Leveragectomies and other LTV solutions
(By John D. Behle)
(This article is an excerpt from Mr. Behle's book "Mortgage Magic")
Most of the notes that aren't purchased are because of unacceptable LTV or "Loan to Value" ratios. Few note buyers realize the alternatives, so we will look at a few today.
1. Example One - Leveragectomies
A "Leveragectomy" is to un-leverage a property. Many times a note can actually be split from one "bad" note into two notes (One good - one bad).
For example, let's look at the following illustration. Lets say that a property was sold for a low down or went down in value to the point where there is a note with a 100% LTV.
Current property value = $100,000 Seller held first = $100,000 Equity = $0 LTV 100% Potential buyers = 1 (me)
A leveragectomy here would mean split the one $100,000 note into an $80,000 first loan and a $20,000 second loan. Now, who wants the first? - everybody! Who wants the second? - Just me or the seller. The second can be free, extra profit for me or I can let the seller keep it. The first now would be very marketable. Here's a couple ways to go about it.
A - THE EVEN SPLIT - Let's say this $100,000 loan has payments of $1000 per month at 10% interest. We could divide it evenly by creating an $80,000 loan with payments of $800 per month and a $20,000 loan with payments of $200 per month. Both at 10% for 216 months. Value of this 80k note would be $51,191 at 18% yield.
B - THE UNEVEN SPLIT - This note can also be structured by directing the entire $1000 payment to the 80k note which would then pay off in 132 months. At that time the payment would be directed to the second. This makes the first more valuable = $57,379 at 18%.
As I've mentioned before, any change in the note requires all parties to the note. The payor is going to need some incentive, like a trail of ten dollar bills to the title company, but there is plenty of profit to be able to share some with him. I might even give him a couple thousand dollars - written off of the back of his loan. What does that cost me? Very little.
Example Two - Collateral Conversion
The collateral for the note isn't written in stone. You can change the collateral. For example, what if the payor has another property that could act as better collateral? Change it. Again, another trail of ten dollar bills may be needed. What about adding this other property as additional collateral? How about fixing up or improving the property that acts ac collateral? All are examples of ways to improve the collateral. In fact, the seller of the note has a need for cash. The note isn't the only way to get it. I have had sellers of notes offer to add their own properties in as collateral. We can also create a note against the "note sellers" (not the payor's) property that mirrors his unsalable note except for the fact that it has a better Loan to Value ratio.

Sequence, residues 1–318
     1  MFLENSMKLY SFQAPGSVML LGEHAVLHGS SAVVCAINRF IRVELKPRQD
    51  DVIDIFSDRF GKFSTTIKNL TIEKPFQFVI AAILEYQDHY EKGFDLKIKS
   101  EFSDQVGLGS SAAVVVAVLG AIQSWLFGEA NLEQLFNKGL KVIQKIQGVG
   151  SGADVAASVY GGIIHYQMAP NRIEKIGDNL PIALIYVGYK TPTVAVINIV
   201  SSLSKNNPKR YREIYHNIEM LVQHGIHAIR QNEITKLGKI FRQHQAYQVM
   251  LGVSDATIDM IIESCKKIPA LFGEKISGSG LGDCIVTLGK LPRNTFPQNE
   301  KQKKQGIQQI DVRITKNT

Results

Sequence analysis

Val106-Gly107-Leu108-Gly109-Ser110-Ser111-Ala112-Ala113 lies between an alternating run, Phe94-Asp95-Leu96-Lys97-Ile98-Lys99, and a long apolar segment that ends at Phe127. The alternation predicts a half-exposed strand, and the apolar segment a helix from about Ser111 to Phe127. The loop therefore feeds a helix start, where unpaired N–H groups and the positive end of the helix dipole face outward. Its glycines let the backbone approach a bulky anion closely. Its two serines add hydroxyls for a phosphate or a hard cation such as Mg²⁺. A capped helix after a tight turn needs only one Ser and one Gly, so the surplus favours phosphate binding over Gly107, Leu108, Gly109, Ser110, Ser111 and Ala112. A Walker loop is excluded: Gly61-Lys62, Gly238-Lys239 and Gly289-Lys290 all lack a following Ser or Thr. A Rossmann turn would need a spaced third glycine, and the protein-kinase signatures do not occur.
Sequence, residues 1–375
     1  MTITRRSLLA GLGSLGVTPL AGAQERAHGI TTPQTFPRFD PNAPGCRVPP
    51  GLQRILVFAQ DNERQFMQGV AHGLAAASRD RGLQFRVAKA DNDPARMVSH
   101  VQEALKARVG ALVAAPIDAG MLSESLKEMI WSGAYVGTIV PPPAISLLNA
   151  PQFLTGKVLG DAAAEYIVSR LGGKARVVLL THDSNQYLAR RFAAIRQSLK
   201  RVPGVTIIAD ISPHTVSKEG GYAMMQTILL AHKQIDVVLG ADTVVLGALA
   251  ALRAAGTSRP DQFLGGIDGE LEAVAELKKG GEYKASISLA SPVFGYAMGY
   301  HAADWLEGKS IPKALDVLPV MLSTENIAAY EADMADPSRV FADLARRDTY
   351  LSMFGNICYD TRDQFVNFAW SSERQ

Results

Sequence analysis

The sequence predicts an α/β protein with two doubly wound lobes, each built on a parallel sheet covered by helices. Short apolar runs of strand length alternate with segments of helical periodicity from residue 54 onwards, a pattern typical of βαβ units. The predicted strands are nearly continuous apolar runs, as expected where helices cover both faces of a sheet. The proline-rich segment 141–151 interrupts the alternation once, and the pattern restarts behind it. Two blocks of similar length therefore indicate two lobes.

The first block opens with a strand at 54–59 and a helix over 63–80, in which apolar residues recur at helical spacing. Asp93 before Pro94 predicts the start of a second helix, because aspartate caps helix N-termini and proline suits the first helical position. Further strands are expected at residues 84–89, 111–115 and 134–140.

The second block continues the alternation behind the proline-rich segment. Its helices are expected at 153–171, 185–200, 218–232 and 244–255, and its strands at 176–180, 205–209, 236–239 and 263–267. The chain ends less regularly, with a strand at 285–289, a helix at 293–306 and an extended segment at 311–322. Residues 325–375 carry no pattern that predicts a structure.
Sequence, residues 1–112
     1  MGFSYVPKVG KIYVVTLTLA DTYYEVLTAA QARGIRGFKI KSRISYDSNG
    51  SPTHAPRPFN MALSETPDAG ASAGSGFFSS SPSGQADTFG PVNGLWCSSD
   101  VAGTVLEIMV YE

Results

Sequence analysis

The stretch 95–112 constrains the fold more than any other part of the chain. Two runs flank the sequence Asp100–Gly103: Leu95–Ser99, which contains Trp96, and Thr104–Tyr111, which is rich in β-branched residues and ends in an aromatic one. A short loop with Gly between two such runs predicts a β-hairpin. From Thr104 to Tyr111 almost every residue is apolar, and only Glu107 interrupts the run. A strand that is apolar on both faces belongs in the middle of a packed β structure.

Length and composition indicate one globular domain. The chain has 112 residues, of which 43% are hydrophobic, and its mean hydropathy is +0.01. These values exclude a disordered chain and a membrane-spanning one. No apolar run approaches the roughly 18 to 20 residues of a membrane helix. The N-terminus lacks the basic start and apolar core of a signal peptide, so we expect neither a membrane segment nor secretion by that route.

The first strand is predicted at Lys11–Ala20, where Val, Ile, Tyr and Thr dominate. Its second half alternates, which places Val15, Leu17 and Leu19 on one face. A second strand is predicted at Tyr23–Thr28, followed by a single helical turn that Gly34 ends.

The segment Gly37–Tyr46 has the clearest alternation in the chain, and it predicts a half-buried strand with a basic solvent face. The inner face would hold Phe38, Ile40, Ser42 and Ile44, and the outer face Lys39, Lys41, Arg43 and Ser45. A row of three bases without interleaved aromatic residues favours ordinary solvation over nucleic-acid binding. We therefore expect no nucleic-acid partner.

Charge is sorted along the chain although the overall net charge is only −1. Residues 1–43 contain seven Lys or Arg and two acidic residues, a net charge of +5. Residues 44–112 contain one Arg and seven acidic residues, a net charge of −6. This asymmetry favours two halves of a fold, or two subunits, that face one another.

Example Three - Partial Purchase Subordination
Purchasing a partial means buying a piece of the note instead of the whole note. When purchasing a partial, it is usually structured so that the interest that the note seller retains is "subordinated" to that of the note purchaser. This means that the note purchaser gets paid before the note seller in case of default. In a case like this you are looking at the "Investment to value" ratio, which is the ratio of what you have invested to the value of the property - instead of looking at the total amount of the note in question. Many buyers will weigh this ITV ratio heavily, yet not all will. You'll need some legal advice on the first one or two of these that you do. In addition, there are many ways to do partials. Some are smooth and easy and some have some inherent pitfalls. We will talk more about partials in a special article on the subject.
An example of a partial in this situation would be buying 93 payments for $50,000 which would then yield 18%. There are some other fun and more profitable options we will look at some other time..
EXAMPLE FOUR - THE PAYOR PAYOFF
EXAMPLE FIVE - THE PAYOR PARTIAL
EXAMPLE SIX - THE DISCOUNT REFINANCE
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